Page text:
Dubai-based jewelry companies leaving the emirate due to newly introduced taxes have started to bring their business to Istanbul.
Despite not having collected taxes from jewelry companies until recently, Dubai has recently introduced a 5 percent customs duty and 5 percent value added tax (VAT), pushing jewelry companies in the emirate to bring their operations to Istanbul.
Turkey, one of the centers of the international gold trade, has further come into prominence with this development. According to the Dünya daily, most of jewelry companies coming from Dubai over the past year have opened stores and workshops in the Kuyumcukent, Grand Bazaar and Nuruosmaniye districts of Istanbul.
Dubai's domestic jewelry producers and exporters, foreseeing that the emirate will move away from being a gold trading center due to the new taxes, are planning to bring their companies to Turkey.
Ayhan Güner, head of the Turkish Jewelry Exporters' Association, said: "We want to make Istanbul one of the most important centers of the gold trade. Dubai will lose this position because of the new taxes."
According to Güner, 110 companies, most of them from Dubai, have come to Kuyumcukent after the taxes were introduced. Suggesting that such investors should be granted Turkish citizenship in return for some $2 billion in investments, Güner underlined that promotional activities should be initiated to attract more Dubai jewelry dealers to Istanbul. The Dubai Gold and Jewelry Group, the equivalent of the Turkish Jewelry Exporters' Association, has asked for an appointment to hold talks in Turkey. The Turkish association will lay out the advantages of investing in Turkey in talks, considering that the Dubai jewelry sector will face challenges in the wholesale trade due to taxes.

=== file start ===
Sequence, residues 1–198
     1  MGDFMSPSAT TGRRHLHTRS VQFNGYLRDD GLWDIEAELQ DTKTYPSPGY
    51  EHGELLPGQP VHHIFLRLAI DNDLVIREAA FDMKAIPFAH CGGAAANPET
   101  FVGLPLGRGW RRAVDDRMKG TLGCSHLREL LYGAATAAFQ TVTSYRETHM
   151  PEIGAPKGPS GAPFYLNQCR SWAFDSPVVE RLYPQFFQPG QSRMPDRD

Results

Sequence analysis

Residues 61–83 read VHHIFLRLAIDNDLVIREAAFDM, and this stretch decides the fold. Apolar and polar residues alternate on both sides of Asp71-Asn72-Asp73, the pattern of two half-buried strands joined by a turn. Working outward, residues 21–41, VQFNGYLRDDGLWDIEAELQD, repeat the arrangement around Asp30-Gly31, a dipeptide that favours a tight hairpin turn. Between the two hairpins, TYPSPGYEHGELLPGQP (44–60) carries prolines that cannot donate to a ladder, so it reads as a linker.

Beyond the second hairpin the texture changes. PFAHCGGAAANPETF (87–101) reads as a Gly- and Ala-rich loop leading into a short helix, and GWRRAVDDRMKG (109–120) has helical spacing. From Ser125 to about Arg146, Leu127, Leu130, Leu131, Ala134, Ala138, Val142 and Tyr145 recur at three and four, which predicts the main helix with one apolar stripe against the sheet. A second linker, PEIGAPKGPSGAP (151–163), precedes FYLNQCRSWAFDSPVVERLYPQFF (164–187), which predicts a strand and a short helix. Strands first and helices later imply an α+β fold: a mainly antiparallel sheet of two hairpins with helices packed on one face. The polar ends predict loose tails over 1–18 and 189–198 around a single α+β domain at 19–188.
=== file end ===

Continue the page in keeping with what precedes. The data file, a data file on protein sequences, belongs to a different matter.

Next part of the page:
The reason why Dubai has brought up taxation is the pressure from surrounding Arab countries, especially Saudi Arabia. While the countries in the region have applied a 5 percent tax and 5 percent VAT, Dubai has not implemented such taxes for many years to maintain its central position, drawing reactions from neighboring countries. In addition to allegations about unfair competition, consumers from other Arab countries were buying jewelry from Dubai and bringing it to their countries without paying tax. Dubai, unable to resist the pressures, decided to levy the new taxes.
Stressing that this is a great opportunity for Turkey, Güner said that a very high amount of gold jewelry enters Dubai. Making a comparison between Istanbul and Dubai, Güner said Istanbul should make good use of the 2-kilometer Kalpakçılar Caddesi, a street in the Grand Bazaar full of jewelry and gold shops and the heart of the Turkish gold market, as it is located in a wider area than its equivalent in Dubai. Touching on the fact that vehicles can come to only two out of the 17 doors of the Grand Bazaar, Güner suggested that the surroundings of the bazaar must be closed to traffic to enable more vehicles to ship more gold to stores operating in the bazaar.